Ten big shale stories from 2014

Money graphic
Photo by 401(K) 2012 / flickr

1. DEP fines Range Resources record $4.15 million for liner leaks

In September, Range Resource agreed to pay the Pennsylvania Department of Environmental Protection the largest sum ever levied against a driller for violations stemming from six of their fracking wastewater impoundments in Washington County. The driller was ordered to close five impoundments and upgrade two others to new state standards.

Gavel in court room
Photo by Joe Gratz / flickr

2. PA Supreme Court denies Corbett administration’s request on Act 13

In January 2014, the Corbett administration asked the state’s highest court to reconsider its 2013 decision that parts of Act 13 were unconstitutional. (Act 13 is  Pennsylvania’s oil and gas law.) The court decision threw out the part of the law that  created statewide zoning rules for where drilling could be done. Now local municipalities have regained that right. Those local areas are now debating how to create appropriate zoning regulations and some local authorities are being sued by citizens, as this recent PublicSource article showed.) See the court’s denial here.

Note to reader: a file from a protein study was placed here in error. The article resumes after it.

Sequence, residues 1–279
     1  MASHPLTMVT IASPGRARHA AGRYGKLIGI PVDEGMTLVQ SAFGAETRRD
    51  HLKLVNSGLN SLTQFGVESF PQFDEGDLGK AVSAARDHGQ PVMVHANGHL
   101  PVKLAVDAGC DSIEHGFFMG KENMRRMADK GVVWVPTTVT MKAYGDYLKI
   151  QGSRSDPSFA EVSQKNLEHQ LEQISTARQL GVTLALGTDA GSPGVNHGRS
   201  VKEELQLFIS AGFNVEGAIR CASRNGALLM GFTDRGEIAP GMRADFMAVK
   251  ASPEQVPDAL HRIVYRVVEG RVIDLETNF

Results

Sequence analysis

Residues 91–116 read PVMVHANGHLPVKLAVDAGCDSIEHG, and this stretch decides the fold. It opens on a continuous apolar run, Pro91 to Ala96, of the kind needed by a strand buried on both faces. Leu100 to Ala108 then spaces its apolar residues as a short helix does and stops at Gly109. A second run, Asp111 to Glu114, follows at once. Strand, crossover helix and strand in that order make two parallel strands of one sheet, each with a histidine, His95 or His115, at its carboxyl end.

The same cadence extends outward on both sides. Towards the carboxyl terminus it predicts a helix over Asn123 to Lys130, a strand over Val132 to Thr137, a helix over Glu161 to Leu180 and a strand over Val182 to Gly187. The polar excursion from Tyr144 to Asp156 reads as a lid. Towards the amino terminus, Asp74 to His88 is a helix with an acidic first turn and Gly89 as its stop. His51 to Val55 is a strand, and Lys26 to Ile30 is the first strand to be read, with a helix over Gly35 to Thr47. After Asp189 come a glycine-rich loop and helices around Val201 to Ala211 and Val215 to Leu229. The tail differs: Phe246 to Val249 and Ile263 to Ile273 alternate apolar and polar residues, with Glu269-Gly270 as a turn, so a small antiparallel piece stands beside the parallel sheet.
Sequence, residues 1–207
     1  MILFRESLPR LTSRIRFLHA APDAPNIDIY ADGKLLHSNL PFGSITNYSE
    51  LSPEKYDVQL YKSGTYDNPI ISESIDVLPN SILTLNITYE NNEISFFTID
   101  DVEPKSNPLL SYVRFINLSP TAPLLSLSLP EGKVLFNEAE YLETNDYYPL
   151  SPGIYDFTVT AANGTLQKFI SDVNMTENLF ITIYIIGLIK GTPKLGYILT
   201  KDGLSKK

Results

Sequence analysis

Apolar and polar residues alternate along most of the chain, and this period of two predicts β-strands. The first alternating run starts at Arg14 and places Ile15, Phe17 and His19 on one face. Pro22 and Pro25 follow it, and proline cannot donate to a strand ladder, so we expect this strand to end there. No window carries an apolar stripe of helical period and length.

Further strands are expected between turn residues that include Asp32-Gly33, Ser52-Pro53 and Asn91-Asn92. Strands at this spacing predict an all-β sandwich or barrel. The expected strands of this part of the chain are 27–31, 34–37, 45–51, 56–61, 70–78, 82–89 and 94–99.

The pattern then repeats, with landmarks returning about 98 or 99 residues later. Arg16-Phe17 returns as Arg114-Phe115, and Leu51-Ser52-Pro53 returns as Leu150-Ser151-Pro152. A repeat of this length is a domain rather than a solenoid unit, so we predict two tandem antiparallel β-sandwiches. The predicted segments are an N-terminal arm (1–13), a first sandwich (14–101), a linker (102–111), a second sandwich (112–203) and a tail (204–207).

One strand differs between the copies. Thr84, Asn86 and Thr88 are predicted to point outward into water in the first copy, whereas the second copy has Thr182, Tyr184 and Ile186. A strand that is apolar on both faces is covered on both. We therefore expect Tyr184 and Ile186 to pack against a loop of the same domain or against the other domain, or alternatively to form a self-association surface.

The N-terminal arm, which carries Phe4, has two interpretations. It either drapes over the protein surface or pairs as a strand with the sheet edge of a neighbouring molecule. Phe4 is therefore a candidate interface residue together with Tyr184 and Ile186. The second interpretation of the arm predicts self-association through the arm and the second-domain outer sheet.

Joe Drake
Photo by Abraham Lustgarten / ProPublica

3. Landowners accuse Chesapeake Energy of stealing royalty payments

Landowners leasing to Chesapeake Energy have accused the driller of cutting royalty payments and stealing money. A March 2014 ProPublica investigation revealed that the company, facing financial failure, raised nearly $5 billion by ripping off landowners who leased gas rights to the driller. The state Attorney General’s Office is apparently investigating the company, although it is being very hush hush about it, and Chesapeake recently disclosed that it is being investigated by the U.S. Department of Justice.

Gov. Tom Corbett
Photo by Chesapeake Bay Program / flickr

4. Gas industry-friendly Gov. Corbett loses election